0 [°] 100. X and B data can be utilized. on the left hand side. This frequency dependent transmission line is accurate for all frequencies.9 [ohm] /_ 80. Breaker B1 displays the MW and MVAR flow that passes through the breaker. is located on the transmission line side of breaker B1. At the other end of the transmission line is breaker B2 and Substation 2. 3 Phase RMS 3 Phase RMS Z1 =52. then phasor based (60Hz) line R.9 ohms at 80°. A three-phase breaker.0 [kV]. . B1. there is a three-phase equivalent source. connects Substation 1 to the transmission line. Fault 2. Starting at Substation 1.9 [ohm] /_ 80. For a more detailed description. not only at 60 Hz. The frequency dependent transmission line is accurate. please see the help files associated with each component.0 [kV]. 60. If line geometrical data is not available.1 [MW] 24.0 [°] 100. F1. The line model is developed from dimensional data for the physical construction or geometry of the transmission line.0 [MVA] 230.0 km LINE1 B1 112. Fault 1.0 [Hz] SUBSTATION 2 V Ph Plots V1 V2 B2 Plots Ph V B1 B2 FT1 F1 FT2 F2 FT3 F3 FT4 F4 Subpages are yellow in colour. See Chapter 4 for more details on transmission line modeling. can be applied on Substation 1 bus.319 [MVAR] Z1 =52. F2. The line data includes the type and impedance of the conductor and any ground conductors that may exist. with similar settings to breaker B1 and substation 1.9 ohms at 80° and zero sequence impedance of 52. The A brief description of each PSCAD component in Case 1 is presented. including mutual coupling between phases and zero sequence components.0 [MVA] 230. 60. Double click them to see more! 100 km transmission line is designated as Line 1. represented below. but also at all frequencies between DC and several hundred kHz.4 [MW] -4. This 60 Hz system source has a positive sequence impendence of 52.44 [MVAR] 100.0 [Hz] SUBSTATION 1 -110.Chapter 3: Case Descriptions CASE 1: SINGLE LINE Case 1 is a single transmission line case.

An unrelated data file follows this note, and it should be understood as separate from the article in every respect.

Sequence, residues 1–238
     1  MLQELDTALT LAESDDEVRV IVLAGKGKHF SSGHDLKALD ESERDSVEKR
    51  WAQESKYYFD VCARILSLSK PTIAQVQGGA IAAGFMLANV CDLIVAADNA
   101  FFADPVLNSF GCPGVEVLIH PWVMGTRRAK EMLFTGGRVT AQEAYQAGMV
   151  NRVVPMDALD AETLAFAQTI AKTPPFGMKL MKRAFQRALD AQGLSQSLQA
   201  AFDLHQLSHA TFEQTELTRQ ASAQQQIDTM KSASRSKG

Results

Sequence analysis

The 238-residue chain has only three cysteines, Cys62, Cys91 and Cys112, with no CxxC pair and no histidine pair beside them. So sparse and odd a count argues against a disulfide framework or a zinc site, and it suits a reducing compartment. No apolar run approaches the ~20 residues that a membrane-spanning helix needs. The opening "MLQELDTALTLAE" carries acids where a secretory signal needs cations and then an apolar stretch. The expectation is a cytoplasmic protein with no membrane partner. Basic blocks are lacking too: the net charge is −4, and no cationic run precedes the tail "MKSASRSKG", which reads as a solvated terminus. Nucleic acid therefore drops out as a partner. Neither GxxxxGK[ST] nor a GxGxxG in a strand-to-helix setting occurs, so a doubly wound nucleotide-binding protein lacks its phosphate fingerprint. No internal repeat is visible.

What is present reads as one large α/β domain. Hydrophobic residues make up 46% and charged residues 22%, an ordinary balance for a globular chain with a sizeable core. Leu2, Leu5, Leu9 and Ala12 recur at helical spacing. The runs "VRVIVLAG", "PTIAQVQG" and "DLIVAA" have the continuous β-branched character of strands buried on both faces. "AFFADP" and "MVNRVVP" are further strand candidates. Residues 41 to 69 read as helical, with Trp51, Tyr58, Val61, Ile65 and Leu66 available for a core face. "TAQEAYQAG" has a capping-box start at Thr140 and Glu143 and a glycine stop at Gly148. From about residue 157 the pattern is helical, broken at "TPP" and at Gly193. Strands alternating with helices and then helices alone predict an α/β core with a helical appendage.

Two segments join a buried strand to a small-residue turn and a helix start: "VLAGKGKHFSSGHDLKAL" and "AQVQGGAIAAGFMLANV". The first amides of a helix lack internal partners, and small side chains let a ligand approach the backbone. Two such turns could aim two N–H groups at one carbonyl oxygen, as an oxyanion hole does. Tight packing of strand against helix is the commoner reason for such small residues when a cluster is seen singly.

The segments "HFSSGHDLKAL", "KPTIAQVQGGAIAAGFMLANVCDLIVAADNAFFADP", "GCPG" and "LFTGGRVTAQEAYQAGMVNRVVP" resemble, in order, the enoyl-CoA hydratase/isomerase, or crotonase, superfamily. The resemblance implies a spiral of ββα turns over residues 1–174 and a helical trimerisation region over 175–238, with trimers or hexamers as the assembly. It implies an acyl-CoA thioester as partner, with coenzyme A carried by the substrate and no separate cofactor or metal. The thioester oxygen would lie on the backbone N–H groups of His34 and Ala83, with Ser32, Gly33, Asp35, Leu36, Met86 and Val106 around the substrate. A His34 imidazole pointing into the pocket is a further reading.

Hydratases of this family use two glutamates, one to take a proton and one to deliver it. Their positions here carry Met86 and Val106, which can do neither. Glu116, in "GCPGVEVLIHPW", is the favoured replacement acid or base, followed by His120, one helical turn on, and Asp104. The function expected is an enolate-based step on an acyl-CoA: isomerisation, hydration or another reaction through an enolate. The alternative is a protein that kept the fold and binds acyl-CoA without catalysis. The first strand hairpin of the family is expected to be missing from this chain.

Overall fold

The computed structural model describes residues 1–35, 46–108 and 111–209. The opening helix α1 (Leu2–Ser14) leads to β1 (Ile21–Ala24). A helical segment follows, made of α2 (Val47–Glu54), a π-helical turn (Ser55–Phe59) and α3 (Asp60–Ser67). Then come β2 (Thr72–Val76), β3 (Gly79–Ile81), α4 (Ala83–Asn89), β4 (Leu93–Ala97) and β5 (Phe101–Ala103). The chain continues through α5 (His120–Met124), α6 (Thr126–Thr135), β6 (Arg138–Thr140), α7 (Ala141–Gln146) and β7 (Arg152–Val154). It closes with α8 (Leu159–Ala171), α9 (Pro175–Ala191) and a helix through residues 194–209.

60. or in R+jX form.0 [MVA] 230.Z1 = 52.0 [Hz] SUBSTATION 1 V Ph A substation is located at either end of the transmission line. To edit the parameters. The positive and zero sequence impedance for substation 1 and substation 2 are the same and set at 52.0 [kV]. as shown below: . double click the icon.9 [ohm] /_ 80. PSCAD/Relay will bring up a properties menu. It consists of a Thevenin Impedance three-phase voltage source. Values can be entered either in Z∠ θ .9 ohms and 80°.0 [°] 100.

They are located just before and after the breaker at either end of the transmission line.3. Faults are controlled by dials and sliders.2. There are four Faults in Case 1. such as the positive and zero sequence impedance.44 [MVAR] B1 There are two Breakers in Case 1.Chapter 3: Case Descriptions By clicking the Configuration drop down bar. one at either end of the transmission line. located in the Controls’ subpage.1 [MW] 24. see section 3. Breaker B2 connects the transmission line to the Bus of Substation 2 and displays the MW and . users can change multiple properties. For more information. -110.